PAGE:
The Indian state of Bihar witnessed numerous caste massacres as the war of attrition rose between the now-defunct Maoist Communist Center or MCC and the upper-caste private army of landlords in the state. More than 400 people, including administrative workers, died in the massacre that took place between 1990 and 2005.
One of these sonorous massacres is the Senari Massacre of 1999. Situated in the Jehanabad district of Bihar, 34 upper caste men of the Senari village were forced out of their homes by cadres of the Maoist Communist Center (MCC). The 34 men were slaughtered on 18th March 1999 near the village temple.
The Senari massacre is considered to be a sequel of caste conflict between the MCC and upper caste people residing in the village. The MCC cadres were primely revolting against the militia functioning as a landlord group named ‘Ranvir Sena’. The Ranvir Sena was allegedly involved in the massacre of Laxmanpur-Bathe in Jehanabad in 1997. In 2009, Bihar saw another caste massacre in the Khagaria district of Bihar, where 16 OBS people were killed.
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Context of the Senari Massacre for UPSC
Senari village was undergoing frequent caste killing in the 1990s. The period was termed the ‘dark ages of the state’. The Senari massacre of 1999 remains one of the massacres with the largest number of upper-caste victims. The chief or Mukhiya of Ranvir Sena, Brahmeshwar Singh, was an upper-caste farmer from the Bhojpur district of Bihar. He played a pivotal role in fuelling the clash between the upper-caste landowners and landless Dalits of the state. Under his leadership, the Sena slaughtered more than 1000 people. The members of the militia believed the killings to be retaliation to the murders by Maoists. The Sena insisted the lower castes supported the ‘Red terror’ to justify their actions. In 2012, Brahmeshwar Singh was shot dead near his home in Arrah, Bihar.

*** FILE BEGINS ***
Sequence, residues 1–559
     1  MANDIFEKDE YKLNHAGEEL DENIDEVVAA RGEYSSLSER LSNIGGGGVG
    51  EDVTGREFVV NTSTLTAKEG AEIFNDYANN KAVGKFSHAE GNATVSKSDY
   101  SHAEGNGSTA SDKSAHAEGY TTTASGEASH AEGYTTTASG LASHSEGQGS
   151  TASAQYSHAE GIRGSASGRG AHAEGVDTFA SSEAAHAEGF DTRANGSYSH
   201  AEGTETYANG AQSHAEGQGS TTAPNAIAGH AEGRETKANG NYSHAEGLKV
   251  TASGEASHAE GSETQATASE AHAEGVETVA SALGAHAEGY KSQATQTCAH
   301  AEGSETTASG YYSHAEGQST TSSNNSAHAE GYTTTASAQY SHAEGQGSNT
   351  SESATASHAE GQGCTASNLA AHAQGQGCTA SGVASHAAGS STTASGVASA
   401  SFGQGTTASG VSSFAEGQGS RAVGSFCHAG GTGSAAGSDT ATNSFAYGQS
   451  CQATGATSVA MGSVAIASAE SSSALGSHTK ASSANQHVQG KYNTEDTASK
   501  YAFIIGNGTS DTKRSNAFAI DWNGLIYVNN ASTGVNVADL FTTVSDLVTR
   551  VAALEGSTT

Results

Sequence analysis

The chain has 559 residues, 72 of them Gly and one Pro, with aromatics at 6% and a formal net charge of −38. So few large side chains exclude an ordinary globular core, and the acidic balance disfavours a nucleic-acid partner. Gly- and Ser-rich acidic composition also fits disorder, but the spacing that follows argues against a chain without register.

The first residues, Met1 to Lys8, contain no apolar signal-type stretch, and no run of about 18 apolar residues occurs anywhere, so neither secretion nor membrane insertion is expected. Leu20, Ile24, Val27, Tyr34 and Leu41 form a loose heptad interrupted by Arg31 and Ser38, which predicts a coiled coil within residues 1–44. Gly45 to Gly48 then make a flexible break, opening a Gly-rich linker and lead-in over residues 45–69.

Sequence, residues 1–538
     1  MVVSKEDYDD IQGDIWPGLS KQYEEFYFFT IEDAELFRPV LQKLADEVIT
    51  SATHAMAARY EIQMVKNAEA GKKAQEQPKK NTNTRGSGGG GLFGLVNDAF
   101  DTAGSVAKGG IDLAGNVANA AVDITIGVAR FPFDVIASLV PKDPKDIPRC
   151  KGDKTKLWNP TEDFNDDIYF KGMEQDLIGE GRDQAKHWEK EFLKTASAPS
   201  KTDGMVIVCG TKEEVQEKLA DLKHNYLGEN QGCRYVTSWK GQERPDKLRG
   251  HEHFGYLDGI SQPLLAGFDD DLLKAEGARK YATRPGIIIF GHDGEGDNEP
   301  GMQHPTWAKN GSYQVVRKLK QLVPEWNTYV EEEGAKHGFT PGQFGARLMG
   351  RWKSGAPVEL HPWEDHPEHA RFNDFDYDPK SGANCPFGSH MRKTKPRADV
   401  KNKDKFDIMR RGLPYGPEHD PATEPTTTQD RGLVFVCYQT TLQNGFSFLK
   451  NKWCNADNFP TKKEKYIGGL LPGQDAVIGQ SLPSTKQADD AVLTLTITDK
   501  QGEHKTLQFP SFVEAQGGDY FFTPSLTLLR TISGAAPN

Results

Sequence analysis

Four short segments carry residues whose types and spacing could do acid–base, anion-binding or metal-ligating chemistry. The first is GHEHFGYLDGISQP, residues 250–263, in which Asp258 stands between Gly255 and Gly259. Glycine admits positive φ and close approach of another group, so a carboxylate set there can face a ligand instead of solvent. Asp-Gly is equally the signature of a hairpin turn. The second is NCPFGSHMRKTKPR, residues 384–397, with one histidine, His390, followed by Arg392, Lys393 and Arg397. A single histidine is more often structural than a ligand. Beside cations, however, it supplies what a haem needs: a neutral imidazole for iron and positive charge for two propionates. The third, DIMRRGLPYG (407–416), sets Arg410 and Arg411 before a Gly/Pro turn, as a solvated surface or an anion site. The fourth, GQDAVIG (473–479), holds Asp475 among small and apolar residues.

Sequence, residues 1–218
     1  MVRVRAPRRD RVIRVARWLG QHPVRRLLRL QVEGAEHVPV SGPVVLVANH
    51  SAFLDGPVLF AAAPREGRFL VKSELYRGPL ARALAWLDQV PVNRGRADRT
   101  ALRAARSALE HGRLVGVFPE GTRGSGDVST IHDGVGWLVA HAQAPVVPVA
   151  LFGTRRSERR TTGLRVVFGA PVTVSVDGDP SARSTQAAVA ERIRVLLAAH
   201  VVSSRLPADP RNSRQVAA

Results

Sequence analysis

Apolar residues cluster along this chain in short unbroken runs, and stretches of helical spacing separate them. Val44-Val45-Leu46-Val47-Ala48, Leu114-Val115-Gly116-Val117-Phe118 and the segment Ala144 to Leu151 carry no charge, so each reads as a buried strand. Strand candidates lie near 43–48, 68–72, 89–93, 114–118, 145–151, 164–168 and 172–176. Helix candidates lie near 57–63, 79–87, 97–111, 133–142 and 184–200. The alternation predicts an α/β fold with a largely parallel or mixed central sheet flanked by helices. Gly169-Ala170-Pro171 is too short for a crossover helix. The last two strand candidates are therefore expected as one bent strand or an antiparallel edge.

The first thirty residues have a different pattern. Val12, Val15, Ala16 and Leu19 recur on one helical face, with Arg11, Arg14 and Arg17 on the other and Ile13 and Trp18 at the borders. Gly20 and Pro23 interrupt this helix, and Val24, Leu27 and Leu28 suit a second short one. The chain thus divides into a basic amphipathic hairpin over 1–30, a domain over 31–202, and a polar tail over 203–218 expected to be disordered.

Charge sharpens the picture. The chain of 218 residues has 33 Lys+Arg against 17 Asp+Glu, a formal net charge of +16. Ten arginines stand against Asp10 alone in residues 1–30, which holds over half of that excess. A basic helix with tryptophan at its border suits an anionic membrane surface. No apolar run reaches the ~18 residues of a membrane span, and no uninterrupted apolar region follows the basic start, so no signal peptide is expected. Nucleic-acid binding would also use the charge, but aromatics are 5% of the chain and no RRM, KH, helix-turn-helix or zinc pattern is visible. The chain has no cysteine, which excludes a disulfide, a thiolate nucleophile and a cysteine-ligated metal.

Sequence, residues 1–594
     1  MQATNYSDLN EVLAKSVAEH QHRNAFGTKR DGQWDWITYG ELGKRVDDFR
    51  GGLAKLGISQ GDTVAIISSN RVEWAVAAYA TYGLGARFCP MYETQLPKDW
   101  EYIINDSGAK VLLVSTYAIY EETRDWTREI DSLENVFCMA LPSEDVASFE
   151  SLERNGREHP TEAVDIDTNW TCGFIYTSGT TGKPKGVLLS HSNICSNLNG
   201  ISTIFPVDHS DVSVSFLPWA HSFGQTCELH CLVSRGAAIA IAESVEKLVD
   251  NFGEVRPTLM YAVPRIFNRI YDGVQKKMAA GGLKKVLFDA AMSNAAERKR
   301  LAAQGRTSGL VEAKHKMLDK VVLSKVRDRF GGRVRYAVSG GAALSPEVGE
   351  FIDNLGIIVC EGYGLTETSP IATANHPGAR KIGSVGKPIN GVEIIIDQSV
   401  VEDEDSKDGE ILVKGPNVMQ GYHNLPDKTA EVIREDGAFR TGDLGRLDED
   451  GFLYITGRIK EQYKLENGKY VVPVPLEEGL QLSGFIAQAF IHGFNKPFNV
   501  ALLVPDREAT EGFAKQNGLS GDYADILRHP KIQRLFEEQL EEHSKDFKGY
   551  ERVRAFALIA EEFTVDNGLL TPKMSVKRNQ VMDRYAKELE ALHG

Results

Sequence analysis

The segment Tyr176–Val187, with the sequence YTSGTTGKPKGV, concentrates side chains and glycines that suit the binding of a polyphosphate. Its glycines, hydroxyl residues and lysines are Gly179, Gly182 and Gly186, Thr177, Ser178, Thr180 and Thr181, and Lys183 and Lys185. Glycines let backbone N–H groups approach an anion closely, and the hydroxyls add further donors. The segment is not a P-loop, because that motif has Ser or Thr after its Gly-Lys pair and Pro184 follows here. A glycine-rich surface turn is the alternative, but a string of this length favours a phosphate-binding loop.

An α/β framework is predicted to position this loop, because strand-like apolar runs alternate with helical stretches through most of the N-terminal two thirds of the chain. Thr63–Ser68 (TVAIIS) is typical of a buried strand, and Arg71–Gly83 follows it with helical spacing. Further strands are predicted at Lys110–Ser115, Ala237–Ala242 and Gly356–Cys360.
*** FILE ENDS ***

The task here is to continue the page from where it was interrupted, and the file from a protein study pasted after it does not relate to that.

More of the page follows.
Please note that the caste system in India is one of the important features of Indian society. The topic, Senari Massacre, should be read in that light.
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Important events of Senari Massacre 1999
Challenging the lower court’s verdict
The fourteen MCC cadres involved in the Senari Massacre were arrested. Eleven of the accused were sentenced to death in Jehanabad Court on 5th November 2015. Three were given a life imprisonment sentence. Three of the accused challenged the court’s verdict in the Patna High court. Later, on 21st May 2021, Patna High Court acquitted the 14 accused. A Division Bench was created. The honourable Justices reversed the verdict passed by the lower court due to the lack of corroborative evidence.
State’s appeal to the Supreme Court
The government of Bihar is presently devising a strong case to present before the SC. The Prosecution presented that there are 23 witnesses of the slaughtering of the Senari massacre. The Prosecution even said that 13 witnesses had lost their family members in the massacre. A counsel for the Bihar Government said that none of the 14 accused disputed the occurrence date, time, and manner. According to the counsel, the high court findings conflicted with the evidence recorded. A prolonged delay in judgement is evident in the case of the Senari massacre.
As a point in the discussion, the Left-Wing Extremism in Bihar was initiated with the oppression of landless Dalits by groups of upper-caste landlords. A resemblance may be found in the Naxal movement in Andhra Pradesh in December 1968 in the Srikakulam tribal-dominated region. Almost nine different states of India have witnessed the effects of Left-Wing Extremism, including West Bengal, Orissa, Maharashtra, and Madhya Pradesh. Some ultra-Leftists active in the state of Bihar are CPI(ML) Liberation, CPI(ML) People’s War, Mazdoor Kisan Sangram Samiti, etc.
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